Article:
Friends and enemies, there's yet another great find: Clandestino, an ephemeral resto in the 12th.
- John Talbott Oct 28, 2012 01:44 PM
Clandestino in the 12th: is “the best revelation of our (6-week) stay," my old food finder said Friday.
It's at 8 Rue Crozatier in the 12th, 09.80.68.08.08, Closed Sundays and Mondays (Metro: Reuillly:Diderot) it was a place on my “list” that I chose solely because it was close to the Gare de Lyon, where I was taking a train to Geneva from, on a dreaded-culinarywise Saturday.
The menu is 2-2-2 but 22 E (on a Saturday, mind you) but has nice offerings.
All four of us had the bonito tuna with blackberries, sliced Japanese radishes, and a rich red spicy sauce that the two chefs, one Japanese, the other French, explained was chopped, pureed, cooked, etc with lime and piment but looked all the world like a pomegranate sauce. It was really, really good and I cannot imagine the Japanese pumpkin soup with an egg could have been better, but we’ll never know.
For mains two of us chose the lamb, which my pal, knowing my inability to tolerate mutton, warned me off of, but no need, it was succulent baby lamb with potatoes; and two of us had the salmon-colored trout, sautéed and skin-crisped with an intriguing sautéed pistachio bit topping and broccoli that was al dente but had been marinated in a secret concoction that made it/them irresistible.
Finally, most of us had chocolate mousse described as “light,” which it surely was as well as really being a mocha mousse. The odd man out had a baked apple with ice cream; boring eh, not at all.
Our bill, with great bread, no bottled water and two bottles of Central Valley (Calif, USA) Cycles Gladiator Syrah and 4 coffees was 152 E, thus 76 E a couple.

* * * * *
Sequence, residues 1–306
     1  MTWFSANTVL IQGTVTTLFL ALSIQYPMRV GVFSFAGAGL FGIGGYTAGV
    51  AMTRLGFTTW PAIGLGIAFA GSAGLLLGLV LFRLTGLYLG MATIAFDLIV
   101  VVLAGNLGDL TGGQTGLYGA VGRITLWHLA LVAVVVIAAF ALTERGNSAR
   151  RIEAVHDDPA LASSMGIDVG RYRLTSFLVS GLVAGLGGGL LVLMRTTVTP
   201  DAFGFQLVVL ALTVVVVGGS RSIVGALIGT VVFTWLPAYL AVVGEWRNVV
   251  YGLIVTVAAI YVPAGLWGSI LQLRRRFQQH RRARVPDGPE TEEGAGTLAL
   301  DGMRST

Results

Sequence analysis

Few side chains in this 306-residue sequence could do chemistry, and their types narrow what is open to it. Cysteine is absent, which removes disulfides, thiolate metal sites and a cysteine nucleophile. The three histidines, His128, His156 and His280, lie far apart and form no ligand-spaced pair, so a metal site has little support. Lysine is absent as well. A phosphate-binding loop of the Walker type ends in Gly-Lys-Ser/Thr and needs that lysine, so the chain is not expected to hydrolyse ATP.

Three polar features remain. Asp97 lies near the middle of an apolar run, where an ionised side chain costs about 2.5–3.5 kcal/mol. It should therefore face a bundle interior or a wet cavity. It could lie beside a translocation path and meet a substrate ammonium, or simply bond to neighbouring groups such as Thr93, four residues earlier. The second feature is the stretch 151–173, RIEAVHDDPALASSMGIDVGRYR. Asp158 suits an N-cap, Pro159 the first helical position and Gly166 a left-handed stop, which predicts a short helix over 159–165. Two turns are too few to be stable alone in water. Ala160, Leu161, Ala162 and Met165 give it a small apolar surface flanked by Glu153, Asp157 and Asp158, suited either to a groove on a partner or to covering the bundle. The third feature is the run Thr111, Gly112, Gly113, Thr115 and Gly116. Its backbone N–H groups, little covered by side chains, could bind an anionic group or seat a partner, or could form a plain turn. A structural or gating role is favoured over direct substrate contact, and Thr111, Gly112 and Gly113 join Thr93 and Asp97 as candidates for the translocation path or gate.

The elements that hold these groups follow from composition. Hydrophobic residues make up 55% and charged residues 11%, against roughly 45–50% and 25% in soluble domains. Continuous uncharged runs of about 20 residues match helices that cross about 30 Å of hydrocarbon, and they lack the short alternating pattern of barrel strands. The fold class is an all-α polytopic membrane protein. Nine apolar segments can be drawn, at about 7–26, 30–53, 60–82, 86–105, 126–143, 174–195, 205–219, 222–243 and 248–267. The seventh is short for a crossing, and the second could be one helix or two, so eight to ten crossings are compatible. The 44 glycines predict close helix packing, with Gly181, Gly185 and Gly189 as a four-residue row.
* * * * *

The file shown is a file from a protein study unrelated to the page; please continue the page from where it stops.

I rated it 7.2/10.
Photos are at the usual place.
Enjoy! if today's JDD femina rave doesn't bring down the NYT/F&W/T&L curse.
Go? I’d agree with my friend of 51 years; it was a hellova meal for a hellova price and definitely on Colette’s schedule next month.
It's been a hot table ever since it opened in the summer. Described as a resto-squat, all the trendy foodies (and moi) had been lining up in the hopes of getting a taste before it closed. But, thanks to its excellence and popularity, it seems "éphémère" means a little longer than fleeting in this case. I haven't tried it for lunch but the dinner is also a bargain... 44 € and more choice at my last meal (fyi, up from 33 € in July when I first tried it). I'm a big big BIG fan of Japanese sensibility/ precision + French cuisine (and une valeur sûre) and so adore this place.
"But, thanks to its excellence and popularity, it seems "ephémère" means a little longer than fleeting in this case."
Let's hope, they said a year, but without the support of the "big boys" and while I respect the JDD. yesterday, there were only 8 customers for what was great food. Ms. Sciolino or Mr. Lobrano, where are you now that we need you? How about a NYT's article on pop-up/"ephémère" places in Paris?
I'm French so am loathe to book more than a day or two in advance. For my first visit, I rang two days before and was told "complet" but just on the off-chance and since I was in the neighbourhood showed up at 8 sharp when they opened and lucked out on a cancellation. For the second dinner, I rang the day before and got a rezzie. But both were mid-week meals.
"It's already got rave reviews in Figaro, L'Express, lefooding, etc."
Indeed, as I reported in my Digest, but I don't sense a groundswell like that for Septime, Galopin or Pierre Sang Boyer.
There's a phenom that is puzzling here and now; how do places get the buzz?
My concern is when I see empty tables at great places like Clandestino, versus Marloe and Crom'Esquis, which are about as good and are chasing people away.
Is it just the difference between the 8th and the 12th? Maybe.